Interview with Valerie Steele, Curator of the Queer History of Fashion Exhibit at FIT

Our racks of bow ties and closets full of leather dresses might carry an emotional backstory for us, but now academics are also showing an interest in our fabulous wardrobes.

The Queer History of Fashion Exhibit at The Museum at the Fashion Institute of Technology (FIT) is the first major exhibit to focus on the queer community’s contributions to the fashion industry. Valerie Steele, Director and Chief Curator of FIT, together with colleague Fred Dennis, spent over two years researching and collecting pieces for the exhibit, which spans 300 years.

Valerie Steele 2013

Valerie Steele (from: nymag.com)

Though I haven’t gotten the chance to visit FIT yet, I had the pleasure of speaking with Valerie Steele about her work. Even though her background in queer fashion and culture is mostly academic, I felt that her words were spot on! Read on for her experience with pulling together the show, as well as thoughts about the term “lesbian chic,” and what makes fashion queer.

All further images courtesy of queerfashionhistory.com

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Pretty Gentlemen

How did your interest in queer fashion emerge?

It was my colleague Fred Dennis who came up with the idea of the show. We were just crossing the street, talking about various shows we could do next, and he said, wouldn’t it be cool to have a show about gays in fashion? We realized that no one had done it before on a large scale. A few LGBTQ centers had done shows. Through our research, we found that small center in Switzerland had done a show, but it was more about gay male sexuality than fashion. We were excited to put together the first show that would really highlight the LGBTQ community’s contributions to fashion.

So how did you get started working on the exhibit?

We put together an advisory committee of people who gave suggestions. That was international. Some of them wrote essays, others came to New York and had long sessions, others loaned clothes. We worked for more than two years, identifying things we knew they wanted to have in the show. For example, we knew they wanted the Versace Dress and Jean Paul Gaultier’s sailor outfit. We were surprised at how far back we were able to go. At first we thought it would be a 20th century show, or start with Oscar Wilde. But then we found a lot of research about gay male fashion, and found it was exciting to get to go back that far.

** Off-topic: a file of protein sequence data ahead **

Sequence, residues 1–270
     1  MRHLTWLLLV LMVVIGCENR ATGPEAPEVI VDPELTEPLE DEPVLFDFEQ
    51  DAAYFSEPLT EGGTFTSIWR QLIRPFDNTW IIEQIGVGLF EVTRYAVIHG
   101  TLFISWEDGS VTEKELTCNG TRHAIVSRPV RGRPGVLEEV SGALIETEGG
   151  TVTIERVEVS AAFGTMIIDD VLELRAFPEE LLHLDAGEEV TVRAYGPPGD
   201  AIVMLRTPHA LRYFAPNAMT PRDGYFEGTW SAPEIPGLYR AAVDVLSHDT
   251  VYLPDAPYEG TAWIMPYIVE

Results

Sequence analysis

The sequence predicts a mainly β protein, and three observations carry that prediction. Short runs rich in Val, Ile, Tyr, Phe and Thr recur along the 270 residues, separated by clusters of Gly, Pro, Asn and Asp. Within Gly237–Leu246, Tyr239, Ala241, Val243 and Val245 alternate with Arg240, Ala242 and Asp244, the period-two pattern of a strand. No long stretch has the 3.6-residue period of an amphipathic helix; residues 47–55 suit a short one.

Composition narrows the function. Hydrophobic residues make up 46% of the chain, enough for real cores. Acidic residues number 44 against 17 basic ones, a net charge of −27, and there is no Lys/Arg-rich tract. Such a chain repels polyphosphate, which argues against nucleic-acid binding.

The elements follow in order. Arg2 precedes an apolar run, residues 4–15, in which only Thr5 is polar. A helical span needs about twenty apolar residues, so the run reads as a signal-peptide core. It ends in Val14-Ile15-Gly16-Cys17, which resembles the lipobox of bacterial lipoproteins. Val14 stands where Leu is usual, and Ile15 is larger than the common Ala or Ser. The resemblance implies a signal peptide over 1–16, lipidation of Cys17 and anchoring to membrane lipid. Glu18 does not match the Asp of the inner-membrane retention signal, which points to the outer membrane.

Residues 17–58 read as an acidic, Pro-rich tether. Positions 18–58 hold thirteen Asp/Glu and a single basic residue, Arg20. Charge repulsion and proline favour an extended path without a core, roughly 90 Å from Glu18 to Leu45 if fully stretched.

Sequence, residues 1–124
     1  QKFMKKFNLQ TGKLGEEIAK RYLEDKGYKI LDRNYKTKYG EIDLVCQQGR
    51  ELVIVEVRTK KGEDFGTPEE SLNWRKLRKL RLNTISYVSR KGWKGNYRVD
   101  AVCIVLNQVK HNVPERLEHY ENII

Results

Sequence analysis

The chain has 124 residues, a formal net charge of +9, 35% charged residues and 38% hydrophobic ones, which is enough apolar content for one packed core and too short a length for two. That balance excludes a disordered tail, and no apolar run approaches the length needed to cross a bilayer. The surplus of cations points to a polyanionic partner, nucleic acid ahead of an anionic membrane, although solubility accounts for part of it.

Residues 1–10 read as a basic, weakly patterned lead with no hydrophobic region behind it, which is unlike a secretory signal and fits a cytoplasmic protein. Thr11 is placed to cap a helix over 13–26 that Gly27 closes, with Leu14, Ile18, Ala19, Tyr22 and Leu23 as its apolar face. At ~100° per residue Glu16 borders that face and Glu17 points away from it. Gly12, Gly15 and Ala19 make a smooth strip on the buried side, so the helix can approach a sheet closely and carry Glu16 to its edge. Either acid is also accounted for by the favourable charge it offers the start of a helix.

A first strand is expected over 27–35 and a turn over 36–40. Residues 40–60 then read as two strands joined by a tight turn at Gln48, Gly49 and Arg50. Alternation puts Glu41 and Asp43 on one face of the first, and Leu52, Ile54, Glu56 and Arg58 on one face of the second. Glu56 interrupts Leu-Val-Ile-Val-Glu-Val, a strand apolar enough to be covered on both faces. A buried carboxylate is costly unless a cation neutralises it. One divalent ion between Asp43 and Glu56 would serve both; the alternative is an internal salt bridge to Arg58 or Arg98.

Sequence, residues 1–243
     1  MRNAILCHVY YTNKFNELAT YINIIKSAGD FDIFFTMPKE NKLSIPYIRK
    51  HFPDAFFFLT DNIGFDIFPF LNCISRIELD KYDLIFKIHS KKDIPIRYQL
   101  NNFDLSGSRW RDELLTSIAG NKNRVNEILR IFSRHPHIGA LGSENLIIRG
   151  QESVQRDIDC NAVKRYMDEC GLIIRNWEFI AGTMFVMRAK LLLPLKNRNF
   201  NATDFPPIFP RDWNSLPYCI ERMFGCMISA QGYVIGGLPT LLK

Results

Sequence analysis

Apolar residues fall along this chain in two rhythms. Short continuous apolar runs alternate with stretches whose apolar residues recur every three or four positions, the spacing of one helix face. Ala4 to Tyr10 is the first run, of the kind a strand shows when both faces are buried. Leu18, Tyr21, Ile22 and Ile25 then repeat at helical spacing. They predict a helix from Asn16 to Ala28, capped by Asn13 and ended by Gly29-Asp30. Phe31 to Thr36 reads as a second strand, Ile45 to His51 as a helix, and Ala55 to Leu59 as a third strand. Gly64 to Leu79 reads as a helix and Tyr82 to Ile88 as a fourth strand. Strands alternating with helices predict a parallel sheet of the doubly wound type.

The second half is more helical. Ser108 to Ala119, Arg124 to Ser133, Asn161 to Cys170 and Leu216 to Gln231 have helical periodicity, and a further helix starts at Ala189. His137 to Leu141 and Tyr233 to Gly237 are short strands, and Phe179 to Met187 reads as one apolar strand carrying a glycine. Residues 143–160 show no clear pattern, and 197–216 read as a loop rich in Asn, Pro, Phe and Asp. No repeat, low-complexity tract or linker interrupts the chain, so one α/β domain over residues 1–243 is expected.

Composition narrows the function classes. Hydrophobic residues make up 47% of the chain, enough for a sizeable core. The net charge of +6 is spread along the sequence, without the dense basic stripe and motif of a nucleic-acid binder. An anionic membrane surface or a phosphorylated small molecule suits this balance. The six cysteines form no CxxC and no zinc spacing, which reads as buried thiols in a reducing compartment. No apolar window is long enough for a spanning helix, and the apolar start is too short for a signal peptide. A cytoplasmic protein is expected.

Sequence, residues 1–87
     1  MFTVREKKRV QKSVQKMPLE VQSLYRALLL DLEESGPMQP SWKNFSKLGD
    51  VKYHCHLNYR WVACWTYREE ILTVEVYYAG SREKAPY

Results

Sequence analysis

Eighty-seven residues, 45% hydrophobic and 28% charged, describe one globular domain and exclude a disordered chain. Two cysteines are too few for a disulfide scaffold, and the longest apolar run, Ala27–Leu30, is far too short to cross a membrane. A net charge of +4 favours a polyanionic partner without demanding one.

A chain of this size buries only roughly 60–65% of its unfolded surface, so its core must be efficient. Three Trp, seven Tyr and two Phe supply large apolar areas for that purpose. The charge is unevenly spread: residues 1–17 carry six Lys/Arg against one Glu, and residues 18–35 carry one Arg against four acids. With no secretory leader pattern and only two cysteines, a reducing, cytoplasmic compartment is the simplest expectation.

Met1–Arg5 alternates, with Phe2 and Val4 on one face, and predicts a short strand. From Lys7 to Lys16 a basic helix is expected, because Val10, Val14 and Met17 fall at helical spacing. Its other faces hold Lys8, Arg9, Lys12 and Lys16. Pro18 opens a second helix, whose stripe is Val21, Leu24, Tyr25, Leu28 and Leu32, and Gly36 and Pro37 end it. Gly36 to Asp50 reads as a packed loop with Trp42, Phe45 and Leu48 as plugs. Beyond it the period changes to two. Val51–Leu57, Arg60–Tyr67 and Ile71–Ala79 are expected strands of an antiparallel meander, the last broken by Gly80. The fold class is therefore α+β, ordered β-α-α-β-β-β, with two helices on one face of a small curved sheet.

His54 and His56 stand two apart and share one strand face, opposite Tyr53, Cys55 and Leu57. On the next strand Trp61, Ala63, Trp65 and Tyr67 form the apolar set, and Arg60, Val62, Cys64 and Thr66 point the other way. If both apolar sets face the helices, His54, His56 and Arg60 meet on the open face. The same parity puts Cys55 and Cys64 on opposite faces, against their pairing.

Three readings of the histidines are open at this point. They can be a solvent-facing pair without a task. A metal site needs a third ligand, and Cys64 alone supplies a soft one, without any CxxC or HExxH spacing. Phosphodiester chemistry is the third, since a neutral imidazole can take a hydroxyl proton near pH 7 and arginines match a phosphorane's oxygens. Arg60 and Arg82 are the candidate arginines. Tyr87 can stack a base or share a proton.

How did you collect the items?

It’s always like a treasure hunt. It’s the fun part, if you’re not too rushed. You just start looking up who might have something; you ask people who were associated with certain people who are still alive. One of our advisors said, you’ve got to get something from The Cockettes.That’s a queer performance group from the 70s. We thought none of them would be alive anymore, but we asked around and followed a trail of emails until we got in touch with one of the members who was able to lend an outfit.

Was there anything you wished you could get that you weren’t able to?

Only one thing. I had wanted to get the Chanel couture wedding dresses from 2013. They were perfectly willing to lend them, but there was a problem with the feathers that they couldn’t get past the food and game administration.

Do you believe that queer male and female designers influenced one another, or did you find that they worked independently?

That’s a good question. It wasn’t so much about influencing each other, but drawing on queer vernacular style. So many queer women wore menswear. Yves Saint Laurent said Marlene Dietrich inspired him when he designed his tuxedo for women. Liz Collins, a lesbian designer and artist in the show did a dress made out of plaid shirts, which is referencing a gay and lesbian style of plaid shirts that goes back to the 1970s.

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Marlene Dietrich, Lesbian Elegance

How do you feel about the term “lesbian chic?”